After Braves breakup, Andrelton Simmons brings heart to Halos

TEMPE, Ariz. -- Talented young players like to think they'll be among the fortunate few to spend their entire careers in a Derek Jeter-Craig Biggio state of bliss with their first organization, and Andrelton Simmons was no different. The pride of Mundo Nobo, Curacao, won his first Gold Glove with the Atlanta Braves at age 24, signed a seven-year, $58 million contract extension shortly thereafter, and had every reason to believe he would remain with the club for the move to the new ballpark in 2017.

Reality typically intervenes when a player gets too old or expensive to keep around, or an organization changes direction. During the GM meetings in November, Simmons' name began popping up in trade rumors. The hammer dropped when he received a phone call from the Atlanta front office telling him he had been traded to the Los Angeles Angels.

Three months have passed since the news, and a life-changing event can now be filed away as just another winter transaction. Simmons is lockering between Albert Pujols and Mike Trout this spring and preparing to play home games in the shadow of Disneyland, so why waste time being bitter?

"It's like breaking up with your first girlfriend," Simmons said. "It's a little heartbreaking at first. You plan like it's gonna be forever, and after it's over, you wish them the best. I'm with my new girlfriend now, and I'm focused on this team and helping them win now."

While it's unclear if the Angels were attracted to Simmons because he likes puppies and long walks on the beach, Los Angeles' front office fell head over heels in love with his ability to cover ground at shortstop and turn base hits into outs. Sooner rather than later, the two parties will learn if theirs is a match made in first-division heaven.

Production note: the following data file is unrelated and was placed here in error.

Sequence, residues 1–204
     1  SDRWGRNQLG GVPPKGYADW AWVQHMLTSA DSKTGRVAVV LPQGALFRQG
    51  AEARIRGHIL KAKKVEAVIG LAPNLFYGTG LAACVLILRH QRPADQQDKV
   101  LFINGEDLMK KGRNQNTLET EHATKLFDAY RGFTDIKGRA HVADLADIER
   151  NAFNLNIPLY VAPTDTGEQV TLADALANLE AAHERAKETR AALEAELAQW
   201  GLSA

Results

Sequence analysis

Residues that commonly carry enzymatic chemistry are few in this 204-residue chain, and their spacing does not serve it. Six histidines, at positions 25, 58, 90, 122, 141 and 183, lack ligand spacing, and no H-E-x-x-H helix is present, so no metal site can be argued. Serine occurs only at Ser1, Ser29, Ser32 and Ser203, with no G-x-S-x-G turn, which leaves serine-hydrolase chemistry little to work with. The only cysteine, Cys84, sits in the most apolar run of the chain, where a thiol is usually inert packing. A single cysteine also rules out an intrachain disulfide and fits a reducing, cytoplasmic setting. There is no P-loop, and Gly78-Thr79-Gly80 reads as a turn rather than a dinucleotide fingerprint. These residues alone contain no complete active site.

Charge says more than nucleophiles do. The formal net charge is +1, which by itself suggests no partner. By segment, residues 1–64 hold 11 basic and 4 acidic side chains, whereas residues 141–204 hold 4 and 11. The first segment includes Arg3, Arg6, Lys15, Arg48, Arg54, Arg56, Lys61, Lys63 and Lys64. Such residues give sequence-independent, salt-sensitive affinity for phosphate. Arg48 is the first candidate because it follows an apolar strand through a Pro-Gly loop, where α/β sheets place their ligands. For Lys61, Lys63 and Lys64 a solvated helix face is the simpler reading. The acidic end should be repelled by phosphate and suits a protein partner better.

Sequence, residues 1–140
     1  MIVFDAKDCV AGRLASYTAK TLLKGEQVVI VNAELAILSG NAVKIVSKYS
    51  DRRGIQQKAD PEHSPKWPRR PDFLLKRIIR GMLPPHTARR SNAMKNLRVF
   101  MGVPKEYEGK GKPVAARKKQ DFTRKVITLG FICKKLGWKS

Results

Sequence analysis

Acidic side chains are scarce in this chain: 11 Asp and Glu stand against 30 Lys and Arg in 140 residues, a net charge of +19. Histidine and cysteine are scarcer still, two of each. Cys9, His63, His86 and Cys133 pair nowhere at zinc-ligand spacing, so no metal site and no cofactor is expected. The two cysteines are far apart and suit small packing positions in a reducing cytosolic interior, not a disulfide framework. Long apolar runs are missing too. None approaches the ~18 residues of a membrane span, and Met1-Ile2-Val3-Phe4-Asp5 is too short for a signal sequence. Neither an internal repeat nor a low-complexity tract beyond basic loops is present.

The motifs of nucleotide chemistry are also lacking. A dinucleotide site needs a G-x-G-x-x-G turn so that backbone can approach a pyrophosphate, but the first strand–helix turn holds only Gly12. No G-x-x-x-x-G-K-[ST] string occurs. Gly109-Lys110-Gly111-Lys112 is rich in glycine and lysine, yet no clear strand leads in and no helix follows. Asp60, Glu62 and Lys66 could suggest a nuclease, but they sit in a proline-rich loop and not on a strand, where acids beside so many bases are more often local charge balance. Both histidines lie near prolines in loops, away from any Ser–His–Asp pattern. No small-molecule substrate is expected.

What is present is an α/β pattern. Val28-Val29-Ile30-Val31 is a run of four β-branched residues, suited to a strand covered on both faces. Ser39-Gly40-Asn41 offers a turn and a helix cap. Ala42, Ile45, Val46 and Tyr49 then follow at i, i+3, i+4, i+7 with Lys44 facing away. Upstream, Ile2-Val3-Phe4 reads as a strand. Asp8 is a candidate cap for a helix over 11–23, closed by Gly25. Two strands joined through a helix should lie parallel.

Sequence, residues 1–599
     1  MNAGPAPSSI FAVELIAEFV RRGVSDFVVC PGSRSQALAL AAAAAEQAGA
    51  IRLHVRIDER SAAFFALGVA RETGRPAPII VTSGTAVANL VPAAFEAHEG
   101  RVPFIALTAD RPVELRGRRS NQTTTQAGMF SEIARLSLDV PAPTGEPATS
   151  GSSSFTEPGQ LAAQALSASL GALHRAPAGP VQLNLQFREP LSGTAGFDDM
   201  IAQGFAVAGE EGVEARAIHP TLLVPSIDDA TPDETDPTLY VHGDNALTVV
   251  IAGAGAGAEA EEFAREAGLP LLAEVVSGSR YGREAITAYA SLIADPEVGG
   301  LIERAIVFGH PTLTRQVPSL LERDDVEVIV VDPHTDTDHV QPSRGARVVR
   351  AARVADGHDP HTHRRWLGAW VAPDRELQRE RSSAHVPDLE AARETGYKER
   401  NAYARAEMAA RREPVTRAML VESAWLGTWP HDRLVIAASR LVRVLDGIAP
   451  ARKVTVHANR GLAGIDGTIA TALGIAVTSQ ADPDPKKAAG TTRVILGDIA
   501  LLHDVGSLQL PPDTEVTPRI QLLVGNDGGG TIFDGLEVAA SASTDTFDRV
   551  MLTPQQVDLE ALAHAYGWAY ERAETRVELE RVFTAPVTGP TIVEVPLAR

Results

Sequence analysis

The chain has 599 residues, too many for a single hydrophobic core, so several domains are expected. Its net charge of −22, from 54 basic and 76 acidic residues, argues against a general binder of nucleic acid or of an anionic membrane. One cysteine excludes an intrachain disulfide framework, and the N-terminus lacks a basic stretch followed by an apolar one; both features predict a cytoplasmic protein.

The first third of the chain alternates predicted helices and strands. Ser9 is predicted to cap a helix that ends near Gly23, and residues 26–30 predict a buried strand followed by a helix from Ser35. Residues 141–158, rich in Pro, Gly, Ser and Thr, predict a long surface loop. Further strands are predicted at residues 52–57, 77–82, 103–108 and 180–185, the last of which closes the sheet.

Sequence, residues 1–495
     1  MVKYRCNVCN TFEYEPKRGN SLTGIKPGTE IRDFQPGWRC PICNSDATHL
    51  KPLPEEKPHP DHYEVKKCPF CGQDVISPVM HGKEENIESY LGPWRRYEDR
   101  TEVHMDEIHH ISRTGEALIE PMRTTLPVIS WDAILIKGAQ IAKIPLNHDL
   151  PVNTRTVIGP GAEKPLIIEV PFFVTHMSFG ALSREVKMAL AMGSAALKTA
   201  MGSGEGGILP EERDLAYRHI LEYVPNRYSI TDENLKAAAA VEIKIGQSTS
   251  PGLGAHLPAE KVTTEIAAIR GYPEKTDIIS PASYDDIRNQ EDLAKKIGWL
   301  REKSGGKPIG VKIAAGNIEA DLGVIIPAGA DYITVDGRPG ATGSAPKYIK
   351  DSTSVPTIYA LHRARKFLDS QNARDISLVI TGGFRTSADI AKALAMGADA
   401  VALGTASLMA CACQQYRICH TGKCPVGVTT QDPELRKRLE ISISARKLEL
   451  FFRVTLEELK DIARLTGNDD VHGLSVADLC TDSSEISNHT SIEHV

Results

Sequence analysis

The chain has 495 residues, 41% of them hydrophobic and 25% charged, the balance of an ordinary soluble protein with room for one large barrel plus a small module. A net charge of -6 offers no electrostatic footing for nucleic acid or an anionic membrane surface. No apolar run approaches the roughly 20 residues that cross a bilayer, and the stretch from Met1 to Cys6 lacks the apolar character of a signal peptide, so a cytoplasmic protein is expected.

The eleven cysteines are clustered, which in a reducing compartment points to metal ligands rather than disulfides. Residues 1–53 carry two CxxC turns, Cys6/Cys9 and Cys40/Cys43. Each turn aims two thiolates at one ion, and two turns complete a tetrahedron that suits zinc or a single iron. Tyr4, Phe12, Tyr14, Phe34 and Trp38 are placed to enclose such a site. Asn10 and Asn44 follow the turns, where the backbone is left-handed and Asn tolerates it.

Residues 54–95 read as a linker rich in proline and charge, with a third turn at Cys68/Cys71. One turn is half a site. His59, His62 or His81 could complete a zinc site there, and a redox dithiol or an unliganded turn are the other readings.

For much of the winter, rumors swirled that the Angels would add some heft to the offense by signing a free agent with the pedigree of Jason Heyward, Justin Upton or Yoenis Cespedes, but they ultimately settled for a Craig Gentry-Daniel Nava platoon in left field. New general manager Billy Eppler also took a measured approach at second base, passing on Daniel Murphy and Howie Kendrick and bringing in Cliff Pennington on a short-team deal to provide some competition for incumbent Johnny Giavotella.

Amid numerous reports that the Angels refrained from big-ticket acquisitions because owner Arte Moreno was intent on staying below MLB's $189 million luxury tax threshold, Eppler offers a more nuanced summary of events.

"It's like breaking up with your first girlfriend. It's a little heartbreaking at first. You plan like it's gonna be forever, and after it's over, you wish them the best. I'm with my new girlfriend now, and I'm focused on this team and helping them win now."
Andrelton Simmons, on his trade from Atlanta to Anaheim.

"That became the narrative, but it's not something that was a mandate," Eppler said. "From our standpoint, the timing and the circumstances did not really intersect. When I say timing, I'm talking about the term [of the contract]. The circumstances were the financial impact. They never intersected at a point where we felt comfortable making that decision."

The lone departure from the Angels' blah offseason came when Eppler sent pitching prospects Sean Newcomb and Chris Ellis, veteran shortstop Erick Aybar, and $2.5 million in cash to Atlanta for Simmons and catcher Jose Briceno. The move elicited a collective "wow" from Angels players monitoring the Hot Stove.

"It was kind of crazy," outfielder Kole Calhoun said. "Being an Angel, I've only known Erick Aybar as our shortstop. That guy has been a staple and a rock in our clubhouse for years. To see him move, my initial feeling was, 'Man, that's a teammate and a friend who's not going to be with us.' Then you hear we're getting Simmons in return, and the excitement kicks in. You realize you're going to get to play with a guy who's an incredible talent and one of the best shortstops in the game. Very cool."